APPELLATE ADVOCACY

Tessa Dysart at Appellate Advocacy Blog posts, ““This is Not Proper Appellate Advocacy”: Third Circuit Slaps Sanctions on Attorney Who Copied and Pasted Trial Court Briefs. The attorney was ordered to personally pay the defendant’s costs.

For a historical segue—you might remember that the NMCCA once had a problem of cut-and-pasting, largely wholesale the Government Answer to Appellant’s brief. In United States v. Jenkins, the court took up,

Here’s is a timely reminder about prosecution experts. This report comes from NBC news.

For more than three years, authorities in the state of Washington considered Dr. Elizabeth Woods one of their go-to experts in cases of suspected child abuse, often relying on her medical opinions to determine when to take children from parents or file criminal charges.

But this winter, Woods left her position as the director of the child abuse intervention program at Mary Bridge Children’s Hospital in Tacoma, and last month she was removed from the small roster of doctors who provide expert medical reports to the state’s child welfare agency, hospital and state officials confirmed. Some area prosecutors have also been sending letters to defense lawyers disclosing that Woods’ credibility as an expert witness has been called into question.

If approved by a federal court, the legal settlement will force the Army to review the discharges of recent veterans with mental health issues.

Tens of thousands of former soldiers with less than honorable discharges from the Army might get upgrades soon. In late March, a federal judge is expected to approve a nationwide class action settlement that would force the Army to reevaluate and possibly upgrade those discharges to honorable if there’s evidence of a mental health condition.

The agreement calls on the Army to go back and look at thousands of less than honorable discharges for soldiers who served during the Iraq and Afghanistan wars. If they had a condition like post-traumatic stress disorder or a brain injury, they can become eligible to upgrade their discharges and get access to benefits through the Department of Veterans Affairs.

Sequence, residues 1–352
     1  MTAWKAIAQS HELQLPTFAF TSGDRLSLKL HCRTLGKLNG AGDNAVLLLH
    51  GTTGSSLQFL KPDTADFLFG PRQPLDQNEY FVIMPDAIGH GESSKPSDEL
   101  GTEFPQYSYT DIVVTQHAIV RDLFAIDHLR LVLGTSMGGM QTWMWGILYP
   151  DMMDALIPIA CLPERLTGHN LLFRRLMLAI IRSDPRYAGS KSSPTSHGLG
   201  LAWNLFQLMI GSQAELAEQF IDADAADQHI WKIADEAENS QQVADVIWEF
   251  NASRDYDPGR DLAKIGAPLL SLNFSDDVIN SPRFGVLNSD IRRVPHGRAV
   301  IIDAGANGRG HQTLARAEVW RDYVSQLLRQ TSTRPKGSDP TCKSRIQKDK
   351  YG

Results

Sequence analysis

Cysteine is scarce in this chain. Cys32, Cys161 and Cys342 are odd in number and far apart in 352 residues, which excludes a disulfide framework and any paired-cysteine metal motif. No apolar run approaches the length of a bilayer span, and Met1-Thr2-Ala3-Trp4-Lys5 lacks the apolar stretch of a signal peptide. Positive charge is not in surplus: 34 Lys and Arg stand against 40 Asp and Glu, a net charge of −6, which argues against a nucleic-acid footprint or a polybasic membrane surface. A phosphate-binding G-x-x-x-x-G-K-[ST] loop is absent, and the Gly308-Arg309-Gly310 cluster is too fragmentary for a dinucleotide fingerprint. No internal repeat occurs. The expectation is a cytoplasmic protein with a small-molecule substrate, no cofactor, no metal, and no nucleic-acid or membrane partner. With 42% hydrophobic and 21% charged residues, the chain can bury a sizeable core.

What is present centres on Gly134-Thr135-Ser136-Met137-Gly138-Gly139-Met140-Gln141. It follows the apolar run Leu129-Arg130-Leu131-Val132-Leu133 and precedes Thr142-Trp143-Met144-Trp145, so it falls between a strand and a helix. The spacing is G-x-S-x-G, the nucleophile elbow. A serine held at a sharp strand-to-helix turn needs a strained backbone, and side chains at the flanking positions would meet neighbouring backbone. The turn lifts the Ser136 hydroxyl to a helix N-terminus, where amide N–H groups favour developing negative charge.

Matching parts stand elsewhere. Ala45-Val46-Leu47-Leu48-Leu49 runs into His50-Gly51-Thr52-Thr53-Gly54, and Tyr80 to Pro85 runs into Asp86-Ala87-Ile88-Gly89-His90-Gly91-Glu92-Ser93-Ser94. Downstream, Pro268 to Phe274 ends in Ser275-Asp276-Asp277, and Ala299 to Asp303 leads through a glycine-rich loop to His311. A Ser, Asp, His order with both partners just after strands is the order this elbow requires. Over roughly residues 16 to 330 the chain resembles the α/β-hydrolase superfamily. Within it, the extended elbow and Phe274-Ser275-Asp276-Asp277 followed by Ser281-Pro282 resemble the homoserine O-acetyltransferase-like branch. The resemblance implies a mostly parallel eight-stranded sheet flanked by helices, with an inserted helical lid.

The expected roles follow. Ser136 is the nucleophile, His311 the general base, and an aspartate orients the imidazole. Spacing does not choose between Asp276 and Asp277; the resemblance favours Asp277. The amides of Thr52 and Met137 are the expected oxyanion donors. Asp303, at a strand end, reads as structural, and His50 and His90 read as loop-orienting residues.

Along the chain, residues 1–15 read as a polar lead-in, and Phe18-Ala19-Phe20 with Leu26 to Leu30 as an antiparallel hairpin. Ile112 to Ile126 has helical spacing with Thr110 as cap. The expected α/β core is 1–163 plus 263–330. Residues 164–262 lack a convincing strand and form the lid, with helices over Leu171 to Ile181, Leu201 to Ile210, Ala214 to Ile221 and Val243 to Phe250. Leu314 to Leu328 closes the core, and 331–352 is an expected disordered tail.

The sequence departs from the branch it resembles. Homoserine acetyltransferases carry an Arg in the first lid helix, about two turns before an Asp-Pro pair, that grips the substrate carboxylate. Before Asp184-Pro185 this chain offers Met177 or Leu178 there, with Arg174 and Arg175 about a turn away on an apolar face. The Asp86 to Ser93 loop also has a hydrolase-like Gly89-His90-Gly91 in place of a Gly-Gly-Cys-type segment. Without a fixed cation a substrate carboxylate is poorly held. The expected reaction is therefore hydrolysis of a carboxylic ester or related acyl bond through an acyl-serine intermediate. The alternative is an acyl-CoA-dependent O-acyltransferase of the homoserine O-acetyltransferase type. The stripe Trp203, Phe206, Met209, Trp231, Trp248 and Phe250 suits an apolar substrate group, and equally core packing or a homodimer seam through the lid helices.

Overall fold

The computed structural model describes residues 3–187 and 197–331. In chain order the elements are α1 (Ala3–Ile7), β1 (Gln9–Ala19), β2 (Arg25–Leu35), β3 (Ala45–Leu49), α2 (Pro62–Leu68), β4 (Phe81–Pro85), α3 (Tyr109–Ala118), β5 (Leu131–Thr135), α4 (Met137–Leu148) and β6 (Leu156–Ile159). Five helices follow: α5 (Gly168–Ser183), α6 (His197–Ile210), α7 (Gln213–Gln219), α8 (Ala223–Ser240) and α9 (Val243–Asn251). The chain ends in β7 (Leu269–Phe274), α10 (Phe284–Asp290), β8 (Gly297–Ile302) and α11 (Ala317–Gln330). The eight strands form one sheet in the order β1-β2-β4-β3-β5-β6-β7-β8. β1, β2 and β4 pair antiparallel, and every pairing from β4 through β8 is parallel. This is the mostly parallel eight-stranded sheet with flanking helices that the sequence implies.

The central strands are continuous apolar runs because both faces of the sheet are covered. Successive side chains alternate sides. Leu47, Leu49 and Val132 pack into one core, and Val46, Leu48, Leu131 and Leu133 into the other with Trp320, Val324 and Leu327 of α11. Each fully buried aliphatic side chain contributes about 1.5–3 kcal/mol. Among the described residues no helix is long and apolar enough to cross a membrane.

Read National Veterans Legal Services Program (NVLSP) v. Austin, Sec. Def.

“Various statutory provisions and regulations require the U.S. Department of Defense (“DoD”) to maintain a publicly accessible website containing all decisions rendered by its Discharge Review Boards and Boards for Correction of Military/Naval Records.”

We all like to refer to these prior decisions to triage a new case and to assist formulate arguments for why our client should win. Because they are publically available it is not necessary to have a paid research account like Lexis or Westlaw.

On 10 March 2021, the CAAF granted a petition in U.S. v. Michael P. Whiteeyes on the following issue:

WHETHER THE MILITARY JUDGE COMMITTED PREJUDICIAL ERROR BY ADMITTING APPELLANT’S STATEMENTS TO LAW ENFORCEMENT IN VIOLATION OF MILITARY RULE OF EVIDENCE 304(c).

The ACCA decision is here.

Appellant asserts the military judge erred by failing to suppress his statements to AFOSI, but he focuses on a different portion of the interview than did the Defense’s motion at trial. At trial, the Defense conceded Appellant effectively waived his rights to counsel and silence after the agents re-advised of his rights following the ten-minute break. The Defense’s contention at trial was that Appellant’s subsequent comments about feeling intimidated” was an unequivocal invocation of his Fifth Amendment right to silence. It was this “narrow” question that the military judge addressed and ruled on.